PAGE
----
|Although the comedy isn't always the most highbrow in the world, Just Married still has a lot of charm and hilarity to it and is buoyed by the fact that both its lead stars have a large amount of chemistry with one another. Though they swear they didn't start dating until months after filming on the movie was finished, their appearances on screen with one another run the gamut from hilarious to sweet. And in the world of romantic comedies, these two features assure audiences of an entertaining time while they sit in front of the screen.|
What's interesting about this film is that it tries to cater to both male and female members of the audience. When the humor borders on the crass side, the intended audience is most likely the male side. But when the romance takes center stage, it's probable the filmmakers were aiming to entertain the women. But this movie is never too Road Trip or overly Love Story. For people interested in a funny take on romance, this film delivers in every single scene. It's rare that a film can inspire so many laugh-out-loud moments, but stars Ashton Kutcher and Brittany Murphy really do have the talent for comedy and their antics onscreen really do deserve a hilarious rating.
This movie seems to resemble the classic romantic comedies of the 1930's which involved a boatload of physical action humor (people tripping, running into stuff, etc.), complete with caustic wit and verbal barns. Of course, there are also jokes included tailor-made for a twenty-first century audience, like cars falling off into ravines and electrocutions involving large sexual toys. And speaking of cars, one of the biggest laughs in this film comes not from the cast of humans, but from the smallest yellow roller skate ever to traverse the tiny European roadways. After renting a car at the airport, Murphy and Kutcher show up on screen driving a car that is probably wider than it is long.
The scene involving the yellow roller skate is only one of many farcical sequences which balance nicely with the romantic element usually present. Though this film could much more easily be considered a comedy than a romance, there are still some sweet scenes between Murphy and Kutchner's characters. As a couple of just married, young twenty-somethings, their familiarity with one another makes it easy to believe their relationship and rather hard to believe that the smooching offset didn't begin until later. Suffice it to say though that their relationship is realistic and sweet and has just the right combination of romance and humor to make it interesting.
Probably one of the only shortcomings of this film is the lack of interaction with the supporting members of the cast. Each member of the cast was picked well for their role, and it seems a shame that an actress like Veronica Cartwright has only a few minutes of screen time. Though it's nice that the film gets off to a running start, some additional exposition might have been beneficial to character development. Though who knows if the movie could have been improved in that area, considering all of its value comes from the relationship between the two lead characters and the funny situations they have to sift through to arrive at happily ever after.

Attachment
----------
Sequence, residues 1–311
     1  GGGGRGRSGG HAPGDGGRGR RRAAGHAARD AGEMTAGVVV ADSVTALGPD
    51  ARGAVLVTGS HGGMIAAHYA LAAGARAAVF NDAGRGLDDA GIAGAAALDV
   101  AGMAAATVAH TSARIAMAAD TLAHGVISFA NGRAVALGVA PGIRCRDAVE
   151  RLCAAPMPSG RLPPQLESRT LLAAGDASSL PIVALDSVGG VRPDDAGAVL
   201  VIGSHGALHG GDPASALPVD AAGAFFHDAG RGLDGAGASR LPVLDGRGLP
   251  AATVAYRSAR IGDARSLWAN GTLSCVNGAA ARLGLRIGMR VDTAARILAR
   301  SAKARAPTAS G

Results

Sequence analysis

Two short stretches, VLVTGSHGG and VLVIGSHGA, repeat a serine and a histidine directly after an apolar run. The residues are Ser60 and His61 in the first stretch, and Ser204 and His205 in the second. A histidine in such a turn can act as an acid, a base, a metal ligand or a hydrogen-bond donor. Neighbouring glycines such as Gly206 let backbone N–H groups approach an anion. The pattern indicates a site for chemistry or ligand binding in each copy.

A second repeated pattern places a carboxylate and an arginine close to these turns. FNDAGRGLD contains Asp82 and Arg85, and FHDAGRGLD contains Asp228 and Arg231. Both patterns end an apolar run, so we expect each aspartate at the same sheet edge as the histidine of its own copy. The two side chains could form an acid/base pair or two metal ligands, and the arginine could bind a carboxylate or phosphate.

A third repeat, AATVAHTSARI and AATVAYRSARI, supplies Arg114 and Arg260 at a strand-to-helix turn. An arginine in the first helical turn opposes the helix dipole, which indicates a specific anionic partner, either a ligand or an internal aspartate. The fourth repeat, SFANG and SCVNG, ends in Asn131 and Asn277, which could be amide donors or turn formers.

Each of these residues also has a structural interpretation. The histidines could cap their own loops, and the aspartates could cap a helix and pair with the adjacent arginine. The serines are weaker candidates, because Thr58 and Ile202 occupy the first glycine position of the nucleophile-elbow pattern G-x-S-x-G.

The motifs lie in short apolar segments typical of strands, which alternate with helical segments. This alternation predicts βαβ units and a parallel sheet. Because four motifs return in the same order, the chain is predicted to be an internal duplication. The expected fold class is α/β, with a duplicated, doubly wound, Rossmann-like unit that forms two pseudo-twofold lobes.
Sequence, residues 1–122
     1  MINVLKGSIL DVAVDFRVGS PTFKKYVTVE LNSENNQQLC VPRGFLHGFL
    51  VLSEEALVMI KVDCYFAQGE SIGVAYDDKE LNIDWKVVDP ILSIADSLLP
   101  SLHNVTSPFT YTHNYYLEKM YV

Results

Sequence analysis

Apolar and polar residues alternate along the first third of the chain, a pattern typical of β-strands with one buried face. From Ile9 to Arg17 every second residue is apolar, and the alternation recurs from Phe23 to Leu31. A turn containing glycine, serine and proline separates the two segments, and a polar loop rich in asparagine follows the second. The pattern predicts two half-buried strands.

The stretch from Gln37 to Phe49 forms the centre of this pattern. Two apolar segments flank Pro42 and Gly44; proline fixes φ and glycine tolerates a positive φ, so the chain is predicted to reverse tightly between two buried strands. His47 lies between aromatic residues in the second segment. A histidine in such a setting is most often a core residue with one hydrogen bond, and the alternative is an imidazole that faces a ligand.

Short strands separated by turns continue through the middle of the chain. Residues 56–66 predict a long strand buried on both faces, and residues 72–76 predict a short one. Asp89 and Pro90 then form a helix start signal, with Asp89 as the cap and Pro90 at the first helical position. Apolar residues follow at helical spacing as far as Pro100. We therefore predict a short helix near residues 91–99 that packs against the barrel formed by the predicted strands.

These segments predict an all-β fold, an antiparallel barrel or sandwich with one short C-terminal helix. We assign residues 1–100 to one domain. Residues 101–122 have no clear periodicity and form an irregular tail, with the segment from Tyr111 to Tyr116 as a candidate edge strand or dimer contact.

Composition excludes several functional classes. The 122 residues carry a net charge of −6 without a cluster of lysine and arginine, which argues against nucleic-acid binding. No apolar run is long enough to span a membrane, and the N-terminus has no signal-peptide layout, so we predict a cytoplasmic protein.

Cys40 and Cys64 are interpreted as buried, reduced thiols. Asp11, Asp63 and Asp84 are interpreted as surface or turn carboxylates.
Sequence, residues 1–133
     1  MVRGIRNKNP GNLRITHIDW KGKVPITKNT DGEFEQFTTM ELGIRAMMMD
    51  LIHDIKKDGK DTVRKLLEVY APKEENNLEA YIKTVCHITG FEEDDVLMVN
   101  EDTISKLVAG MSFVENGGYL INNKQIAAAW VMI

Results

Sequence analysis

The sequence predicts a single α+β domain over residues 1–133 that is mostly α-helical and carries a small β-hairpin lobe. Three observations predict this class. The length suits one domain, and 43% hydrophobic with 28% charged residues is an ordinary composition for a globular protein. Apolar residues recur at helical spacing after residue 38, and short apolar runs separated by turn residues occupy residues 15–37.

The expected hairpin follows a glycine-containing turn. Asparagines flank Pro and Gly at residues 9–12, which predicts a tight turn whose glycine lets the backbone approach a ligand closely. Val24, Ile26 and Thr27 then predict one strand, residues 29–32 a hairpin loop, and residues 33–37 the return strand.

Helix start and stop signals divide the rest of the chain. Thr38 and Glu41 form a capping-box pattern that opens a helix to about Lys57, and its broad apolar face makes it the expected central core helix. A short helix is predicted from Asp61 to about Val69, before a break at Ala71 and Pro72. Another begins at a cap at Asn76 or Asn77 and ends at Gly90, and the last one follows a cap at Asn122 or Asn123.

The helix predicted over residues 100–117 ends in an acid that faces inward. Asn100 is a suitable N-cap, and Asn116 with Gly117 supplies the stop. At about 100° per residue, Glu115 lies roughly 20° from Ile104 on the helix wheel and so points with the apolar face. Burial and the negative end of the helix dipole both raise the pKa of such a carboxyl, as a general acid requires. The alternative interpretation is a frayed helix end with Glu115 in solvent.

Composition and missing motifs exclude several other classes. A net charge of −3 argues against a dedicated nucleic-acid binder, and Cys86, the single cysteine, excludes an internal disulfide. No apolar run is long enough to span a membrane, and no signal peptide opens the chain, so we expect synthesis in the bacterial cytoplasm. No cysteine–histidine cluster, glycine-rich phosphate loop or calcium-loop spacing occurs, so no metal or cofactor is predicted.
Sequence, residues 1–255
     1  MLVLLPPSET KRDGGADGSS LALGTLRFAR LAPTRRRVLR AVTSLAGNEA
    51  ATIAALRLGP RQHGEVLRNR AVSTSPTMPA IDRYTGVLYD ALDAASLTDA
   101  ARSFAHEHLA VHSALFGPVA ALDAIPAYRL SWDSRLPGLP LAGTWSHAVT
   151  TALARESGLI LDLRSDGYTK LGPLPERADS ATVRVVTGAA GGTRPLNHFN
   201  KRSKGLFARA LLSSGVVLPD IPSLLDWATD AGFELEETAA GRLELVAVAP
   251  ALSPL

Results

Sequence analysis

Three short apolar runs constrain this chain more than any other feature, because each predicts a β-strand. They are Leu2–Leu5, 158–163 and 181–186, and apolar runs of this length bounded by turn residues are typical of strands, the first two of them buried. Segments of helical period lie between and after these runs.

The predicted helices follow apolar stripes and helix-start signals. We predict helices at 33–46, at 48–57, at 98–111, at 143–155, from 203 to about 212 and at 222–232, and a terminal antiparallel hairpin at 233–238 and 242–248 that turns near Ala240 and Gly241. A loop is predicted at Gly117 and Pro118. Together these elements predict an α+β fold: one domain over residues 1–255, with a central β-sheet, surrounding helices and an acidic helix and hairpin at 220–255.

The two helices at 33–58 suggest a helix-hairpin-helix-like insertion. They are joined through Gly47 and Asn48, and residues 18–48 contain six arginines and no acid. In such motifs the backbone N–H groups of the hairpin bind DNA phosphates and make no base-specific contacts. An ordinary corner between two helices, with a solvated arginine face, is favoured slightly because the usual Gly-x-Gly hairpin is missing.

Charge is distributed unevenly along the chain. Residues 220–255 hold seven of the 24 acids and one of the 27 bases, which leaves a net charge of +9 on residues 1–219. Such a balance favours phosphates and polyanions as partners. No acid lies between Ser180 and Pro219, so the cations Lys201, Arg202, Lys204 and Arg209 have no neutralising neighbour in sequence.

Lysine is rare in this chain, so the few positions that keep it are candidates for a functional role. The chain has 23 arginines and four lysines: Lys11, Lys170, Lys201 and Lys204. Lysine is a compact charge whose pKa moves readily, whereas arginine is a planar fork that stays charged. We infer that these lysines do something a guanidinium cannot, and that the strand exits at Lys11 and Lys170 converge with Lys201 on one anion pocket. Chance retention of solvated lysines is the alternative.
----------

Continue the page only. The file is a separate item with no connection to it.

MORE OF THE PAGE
Elements such as music, cinematography, and art direction are all completed with the genre in mind. The music has a great degree of bubbly pop songs and love ballads in mind. And the locations in Europe add some nice static visuals in addition to the beautiful cast. Everyone is well dressed and the cinematic vistas of central Europe give the picture additional locations to look at rather than the standard New York City skyline. So many romantic comedies take place in one of three American cities (New York City, Chicago, Los Angeles), that seeing mountains and cathedrals gives this picture a visual boost.
With the rather horrid offerings from the romantic comedy world of filmmaking in the past year (Life or Something Like It, Punch-Drunk Love, The Sweetest Thing, need I list more....) the fact that Just Married is just so enjoyable is a vote in the genre's favor. While chemistry between lead stars is a must for a film like this to be successful, the fact that the film also has rather more than its share of hilarious moments makes it a well-made example of a light and enjoyable film. This movie is by no means a display of Shakespearean dramatics, but is rather something to enjoy while munching on popcorn.
Review by Kelsey Wyatt.